Making a profit and focusing on the common good are absolutely compatible

Of course, it doesn’t matter whether I structure the company as an association or as a limited liability company. An association is not per se a construct that does better or more valuable work than a company. It does not even matter whether I have a recognized non-profit status from the tax office. I also know companies – normal for profit companies – that provide a huge social added value with what they do. They are simply not non-profit and cannot receive any donations. But that’s all and doesn’t change their purpose or mission at all.

So what I’m saying is that it all depends on the inner attitude of the company (and the entrpreneur), how it sees itself in relation to the outside world, what role it wants to play in society and for society, and not on the legal form.

Yes, and the non-profit status then makes it possible to receive donations, which makes the path towards self-financing much easier, because you can then reach a certain degree of professionalism more quickly with the donations and offer your customers or users more value more quickly.

The degree of self-funding is also a measure of how economically sound the organization is, whether it is a social enterprise or a for-profit company – see also Business Models of Social Organizations – and it would be a terrible idea for me to have a permanent funding gap and have to write so and so many funding applications every year. That would keep me from doing my actual work and I would feel like I going in circles. And of course, that dependency is a risk!

And the fact that a company can cover its own costs is for me not a question of whether it can do that, but more a question of how it can do that. For the most part, it’s a purely mental matter, in the sense that you simply have to keep trying things out and fine-tuning the concept until it works. According to Günter Faltin: “Mindset over money”. That’s a great book, I can highly recommend it.

I would exclude personnel costs for the time being, but in the final analysis, of course, they are part of it. Not the profits… those are not important. But that the people who put the main part of their time into it – that they can also live from it – that’s part of it for me. Because if they can’t make a living from it, they’ll have to look for another job in the long term, and then the company cannot have them as a resource.

And if they can’t be replaced, then that’s a real problem. That’s why profit is necessary for the entrepreneur to keep him in the organisation.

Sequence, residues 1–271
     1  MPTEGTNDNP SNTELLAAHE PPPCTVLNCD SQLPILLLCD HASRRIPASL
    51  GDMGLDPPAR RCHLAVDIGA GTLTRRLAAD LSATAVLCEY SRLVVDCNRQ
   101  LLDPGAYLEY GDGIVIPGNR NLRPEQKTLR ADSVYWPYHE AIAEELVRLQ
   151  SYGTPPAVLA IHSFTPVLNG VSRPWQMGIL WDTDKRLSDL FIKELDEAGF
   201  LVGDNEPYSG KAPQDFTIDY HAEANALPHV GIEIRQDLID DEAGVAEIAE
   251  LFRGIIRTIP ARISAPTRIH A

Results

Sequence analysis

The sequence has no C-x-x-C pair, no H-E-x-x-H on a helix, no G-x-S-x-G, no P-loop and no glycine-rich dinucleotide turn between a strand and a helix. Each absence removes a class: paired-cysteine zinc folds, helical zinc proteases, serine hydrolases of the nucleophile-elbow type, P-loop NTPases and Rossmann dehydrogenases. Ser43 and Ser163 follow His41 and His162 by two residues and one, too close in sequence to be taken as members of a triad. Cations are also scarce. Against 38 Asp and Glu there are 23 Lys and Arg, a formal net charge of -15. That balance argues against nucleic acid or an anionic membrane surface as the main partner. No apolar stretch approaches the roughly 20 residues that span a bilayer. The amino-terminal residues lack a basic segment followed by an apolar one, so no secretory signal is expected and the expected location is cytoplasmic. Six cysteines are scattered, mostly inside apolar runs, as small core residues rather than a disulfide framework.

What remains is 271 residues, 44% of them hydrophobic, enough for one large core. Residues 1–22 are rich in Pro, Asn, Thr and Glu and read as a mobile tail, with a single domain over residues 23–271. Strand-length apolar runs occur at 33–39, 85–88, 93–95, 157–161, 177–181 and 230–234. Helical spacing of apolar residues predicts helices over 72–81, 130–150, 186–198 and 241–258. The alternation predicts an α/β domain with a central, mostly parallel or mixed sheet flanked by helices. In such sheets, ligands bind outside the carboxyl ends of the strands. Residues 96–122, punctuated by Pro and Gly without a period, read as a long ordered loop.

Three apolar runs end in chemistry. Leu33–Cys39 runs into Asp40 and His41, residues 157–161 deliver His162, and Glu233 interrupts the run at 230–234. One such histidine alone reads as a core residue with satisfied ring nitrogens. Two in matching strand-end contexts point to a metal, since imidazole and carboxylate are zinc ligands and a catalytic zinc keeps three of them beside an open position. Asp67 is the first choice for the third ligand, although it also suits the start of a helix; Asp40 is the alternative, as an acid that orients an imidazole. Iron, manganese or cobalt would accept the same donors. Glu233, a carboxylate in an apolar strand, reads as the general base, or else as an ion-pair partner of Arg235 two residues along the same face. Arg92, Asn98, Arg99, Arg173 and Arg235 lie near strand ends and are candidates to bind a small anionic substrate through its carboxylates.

So for me, doing business, making a profit and at the same time caring about society, social or environmental problems are not mutually exclusive things. On the contrary, why should someone who cares about these problems and is able to make a living from it because of his concept or his own creativity… why shouldn’t he do that and live from it?

So and now comes an important point, why I think that social and societal problems have to be solved by entrepreneurs as well:

What is the value of social work?

Perhaps we can also ask ourselves why charitable and social work is largely ridiculed by other people – that is, by people who do not do charitable work. Perhaps it is because this work is largely unpaid or at least poorly paid. Then may be its not worth anything either?!

And perhaps: if there are more economically oriented companies that work for the common good AND whose entrepreneurs can make a living from it – because of the business model or concept they have developed – then first of all the reputation of such companies will rise. The work and the problems that are solved will get a completely different status. 

And secondly, this will attract other social entrepreneurs or more people will think in the direction of social entrepreneurship, because they realize that they can make money with it AND do meaningful things for the world…. And there you go, we have a whole lot more people taking care of important problems instead of producing more stuff the world doesn’t need.


Being an entrepreneur has very clear advantages for me. As an entrepreneur, you have a huge amount of personal creative freedom, you don’t have to do anything that others have come up with, but can implement your own vision and bring it to the world.

You can decide on everything yourself – provided you have given enough thought to this and that beforehand. But the entrepreneur basically has no limits in his own development and also in the shaping of his company and ultimately in the shaping of his environment.

Solving social problems and not doing it in the form of an association, but with the help of a non profit or a profit-oriented company, helps the entrepreneur to fully concentrate on this task and to live from it and it helps our world in the long run, because more work is done on the elimination of “real problems”.